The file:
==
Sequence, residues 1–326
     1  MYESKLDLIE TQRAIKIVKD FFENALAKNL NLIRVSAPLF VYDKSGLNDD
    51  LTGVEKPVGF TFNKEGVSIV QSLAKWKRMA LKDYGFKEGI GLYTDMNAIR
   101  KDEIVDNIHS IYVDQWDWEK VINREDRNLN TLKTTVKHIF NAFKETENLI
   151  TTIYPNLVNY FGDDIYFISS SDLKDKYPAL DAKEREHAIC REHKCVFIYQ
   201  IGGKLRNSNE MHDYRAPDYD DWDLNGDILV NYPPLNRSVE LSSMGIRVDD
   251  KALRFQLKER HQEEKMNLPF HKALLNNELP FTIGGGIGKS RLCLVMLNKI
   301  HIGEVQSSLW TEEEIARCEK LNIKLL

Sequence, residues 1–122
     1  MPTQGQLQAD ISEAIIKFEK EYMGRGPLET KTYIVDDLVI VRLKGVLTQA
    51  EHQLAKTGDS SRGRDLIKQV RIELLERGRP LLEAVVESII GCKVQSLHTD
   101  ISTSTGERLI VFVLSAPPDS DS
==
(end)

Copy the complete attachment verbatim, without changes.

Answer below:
Sequence, residues 1–326
     1  MYESKLDLIE TQRAIKIVKD FFENALAKNL NLIRVSAPLF VYDKSGLNDD
    51  LTGVEKPVGF TFNKEGVSIV QSLAKWKRMA LKDYGFKEGI GLYTDMNAIR
   101  KDEIVDNIHS IYVDQWDWEK VINREDRNLN TLKTTVKHIF NAFKETENLI
   151  TTIYPNLVNY FGDDIYFISS SDLKDKYPAL DAKEREHAIC REHKCVFIYQ
   201  IGGKLRNSNE MHDYRAPDYD DWDLNGDILV NYPPLNRSVE LSSMGIRVDD
   251  KALRFQLKER HQEEKMNLPF HKALLNNELP FTIGGGIGKS RLCLVMLNKI
   301  HIGEVQSSLW TEEEIARCEK LNIKLL

Sequence, residues 1–122
     1  MPTQGQLQAD ISEAIIKFEK EYMGRGPLET KTYIVDDLVI VRLKGVLTQA
    51  EHQLAKTGDS SRGRDLIKQV RIELLERGRP LLEAVVESII GCKVQSLHTD
   101  ISTSTGERLI VFVLSAPPDS DS